ArchitectsMiAS Arquitectes / Josep Miàs, Silvia Brandi, Adriana Porta, Maria Chiara Ziliani, Andreu Canut, Carles Bou
PartnersMònica Vila, Ana Moretti and José Miñarro
Text description provided by the architects. When I was a student at the Barcelona School of Architecture (ETSAB), the maritime neighborhood, Barceloneta, was the subject of much conversation. Restaurants on the beach which later disappeared with its narrow streets, cramped flats, the clothes hanging out on the balconies, the shops, the artisans' workshops and its people, who talked, and still talk, fast and loud.
The project meant a chance to go back to the neighborhood in an interested manner; it was no longer a trip for fun and discovery, but rather a survey of the place. The object was to identify what would enable us to reveal its qualities and to describe it accurately for the purposes of a project.
Ultimately, it was an attempt to explain a reality and to offer a new and fuller meaning to an architectural project, beyond resolving a programme or commission. As early as the competition stage we did a collage with some of César Manrique's fantastic fish, drawings for children we hoped might embody and express the joy of these people: their liveliness, their energy, their enthusiasm in the face of frequent hardship.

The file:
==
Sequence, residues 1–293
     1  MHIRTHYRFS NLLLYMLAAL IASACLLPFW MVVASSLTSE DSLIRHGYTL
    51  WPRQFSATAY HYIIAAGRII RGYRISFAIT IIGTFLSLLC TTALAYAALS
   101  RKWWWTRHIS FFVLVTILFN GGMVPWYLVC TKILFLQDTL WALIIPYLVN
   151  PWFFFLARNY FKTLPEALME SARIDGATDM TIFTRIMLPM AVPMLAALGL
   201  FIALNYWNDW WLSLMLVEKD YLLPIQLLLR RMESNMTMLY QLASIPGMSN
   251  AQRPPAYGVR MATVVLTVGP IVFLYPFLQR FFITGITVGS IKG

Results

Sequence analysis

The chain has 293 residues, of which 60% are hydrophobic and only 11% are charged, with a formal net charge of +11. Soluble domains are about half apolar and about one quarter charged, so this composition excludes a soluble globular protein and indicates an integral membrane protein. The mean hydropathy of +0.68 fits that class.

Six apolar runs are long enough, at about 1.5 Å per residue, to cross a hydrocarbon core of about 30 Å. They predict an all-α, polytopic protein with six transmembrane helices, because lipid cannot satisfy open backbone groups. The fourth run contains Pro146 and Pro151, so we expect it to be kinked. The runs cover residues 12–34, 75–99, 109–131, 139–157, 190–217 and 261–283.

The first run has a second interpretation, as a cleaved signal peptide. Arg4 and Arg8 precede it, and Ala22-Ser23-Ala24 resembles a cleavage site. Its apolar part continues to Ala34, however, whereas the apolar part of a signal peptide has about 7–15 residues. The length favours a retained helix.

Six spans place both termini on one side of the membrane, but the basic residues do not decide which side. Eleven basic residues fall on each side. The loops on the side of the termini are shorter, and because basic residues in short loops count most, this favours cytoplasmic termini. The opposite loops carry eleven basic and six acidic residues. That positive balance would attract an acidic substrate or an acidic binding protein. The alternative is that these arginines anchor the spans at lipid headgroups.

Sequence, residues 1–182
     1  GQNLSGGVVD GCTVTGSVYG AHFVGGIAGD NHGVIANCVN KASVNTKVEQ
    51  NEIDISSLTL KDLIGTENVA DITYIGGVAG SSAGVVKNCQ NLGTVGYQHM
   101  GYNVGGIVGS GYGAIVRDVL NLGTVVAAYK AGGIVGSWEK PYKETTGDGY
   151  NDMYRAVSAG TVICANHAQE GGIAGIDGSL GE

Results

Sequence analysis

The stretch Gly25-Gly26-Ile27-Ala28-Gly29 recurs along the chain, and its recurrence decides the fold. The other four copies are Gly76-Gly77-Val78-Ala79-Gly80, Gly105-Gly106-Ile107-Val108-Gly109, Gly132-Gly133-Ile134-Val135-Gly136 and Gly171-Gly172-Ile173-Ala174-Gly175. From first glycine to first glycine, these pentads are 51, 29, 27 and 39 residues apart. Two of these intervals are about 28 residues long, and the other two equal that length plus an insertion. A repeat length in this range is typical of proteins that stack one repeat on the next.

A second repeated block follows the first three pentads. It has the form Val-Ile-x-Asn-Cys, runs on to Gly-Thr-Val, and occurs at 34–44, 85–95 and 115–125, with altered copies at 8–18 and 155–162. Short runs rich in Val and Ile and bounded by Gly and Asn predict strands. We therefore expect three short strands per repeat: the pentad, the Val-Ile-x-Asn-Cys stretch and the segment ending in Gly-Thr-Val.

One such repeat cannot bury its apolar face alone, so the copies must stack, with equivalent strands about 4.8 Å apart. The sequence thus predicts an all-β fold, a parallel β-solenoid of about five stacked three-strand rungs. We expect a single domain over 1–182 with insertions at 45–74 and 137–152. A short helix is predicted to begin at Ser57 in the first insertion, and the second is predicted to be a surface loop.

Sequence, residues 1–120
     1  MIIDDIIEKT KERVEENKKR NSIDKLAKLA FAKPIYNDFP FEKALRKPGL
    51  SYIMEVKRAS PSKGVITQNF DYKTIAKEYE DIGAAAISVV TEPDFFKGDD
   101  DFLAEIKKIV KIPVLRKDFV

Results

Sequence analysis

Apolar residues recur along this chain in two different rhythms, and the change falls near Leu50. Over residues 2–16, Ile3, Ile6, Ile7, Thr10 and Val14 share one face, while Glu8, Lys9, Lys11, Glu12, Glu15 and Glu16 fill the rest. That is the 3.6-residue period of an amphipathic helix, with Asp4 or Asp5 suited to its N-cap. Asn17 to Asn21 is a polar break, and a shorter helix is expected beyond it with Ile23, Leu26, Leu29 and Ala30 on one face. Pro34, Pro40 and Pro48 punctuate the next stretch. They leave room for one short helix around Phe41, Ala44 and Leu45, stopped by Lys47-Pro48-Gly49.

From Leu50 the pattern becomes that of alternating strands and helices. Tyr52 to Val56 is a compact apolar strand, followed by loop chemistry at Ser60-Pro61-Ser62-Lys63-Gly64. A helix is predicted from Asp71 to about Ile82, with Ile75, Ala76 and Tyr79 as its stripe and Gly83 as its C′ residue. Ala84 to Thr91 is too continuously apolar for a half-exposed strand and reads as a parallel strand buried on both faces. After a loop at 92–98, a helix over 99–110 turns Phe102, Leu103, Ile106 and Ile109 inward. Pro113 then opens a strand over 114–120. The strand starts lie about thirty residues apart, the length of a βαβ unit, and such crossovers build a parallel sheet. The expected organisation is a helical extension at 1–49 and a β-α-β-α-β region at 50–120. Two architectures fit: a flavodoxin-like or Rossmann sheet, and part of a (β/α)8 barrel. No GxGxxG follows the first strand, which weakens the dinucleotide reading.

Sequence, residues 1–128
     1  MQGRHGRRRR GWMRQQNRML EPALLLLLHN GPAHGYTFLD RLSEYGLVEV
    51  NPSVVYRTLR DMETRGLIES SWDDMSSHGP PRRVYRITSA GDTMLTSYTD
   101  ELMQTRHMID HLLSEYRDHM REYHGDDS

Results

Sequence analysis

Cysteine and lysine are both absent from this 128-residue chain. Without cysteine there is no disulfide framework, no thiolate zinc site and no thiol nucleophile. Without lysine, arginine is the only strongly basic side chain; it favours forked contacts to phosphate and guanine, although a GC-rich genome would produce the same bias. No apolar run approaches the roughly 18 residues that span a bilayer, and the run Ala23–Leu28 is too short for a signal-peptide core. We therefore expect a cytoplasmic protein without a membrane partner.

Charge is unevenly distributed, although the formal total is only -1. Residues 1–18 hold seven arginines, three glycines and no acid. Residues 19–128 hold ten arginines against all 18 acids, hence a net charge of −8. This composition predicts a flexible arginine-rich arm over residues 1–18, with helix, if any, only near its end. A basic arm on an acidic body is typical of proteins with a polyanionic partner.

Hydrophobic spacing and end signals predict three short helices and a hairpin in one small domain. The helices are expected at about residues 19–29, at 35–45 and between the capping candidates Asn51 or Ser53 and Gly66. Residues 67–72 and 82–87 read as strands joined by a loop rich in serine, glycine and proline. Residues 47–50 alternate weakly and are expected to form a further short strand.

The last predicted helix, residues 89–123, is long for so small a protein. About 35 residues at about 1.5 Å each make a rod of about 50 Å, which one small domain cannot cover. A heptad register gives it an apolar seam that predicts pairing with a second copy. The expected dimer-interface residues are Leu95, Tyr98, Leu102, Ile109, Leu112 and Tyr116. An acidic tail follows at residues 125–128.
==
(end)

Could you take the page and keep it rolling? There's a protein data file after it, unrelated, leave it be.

The Market has always been an element of social cohesion in the neighborhood, a landmark, sometimes almost secret and visible only to its inhabitants. This condition of density that the market has in relation to the city should be a condition of the project, so that the building and its immediate surroundings actually become a clear point of reference in this corner of the city of Barcelona.
It is surprising to see now the photos we made of the market during construction, when the pieces, the bones, of this huge animal were being carried through the streets to their final place. This animal is now a prisoner in a military-imposed town plan, this neighborhood, with no chance of escape.
I think it's nice to think of the memory of these very streets of each of these transported parts; each neighbor is witness alike to the construction, or at least some fragment of the market. It is surprising, even now, to recall that building process, which we shared with neighbors and with workers. The final construction was done in parts, little pieces of a greater reality. The assembly of these pieces is impressionable with these fragments, previously cut up in the factory to facilitate transport, and their passage through the narrow streets to the space allocated for the market.
The market seeks to form part of the neighborhood, its urban fabric, and is redirected toward the squares front and rear – formerly no square existed, and the bays that made up the market crossed.
The new metal figures create new market spaces, not touching the ground, but suspended from the old structure, not a in real manner, since the two structures, the old and new, never really overlap structurally, rather they do so in a false equilibrium. The imprisoned, tamed building writhes within this space, a certain violence in its rebuilt form, acquiring a reality that lies between the memory of its former self and its new ambition. It uncurls, curls back up, and offers a succession of new spaces to discover.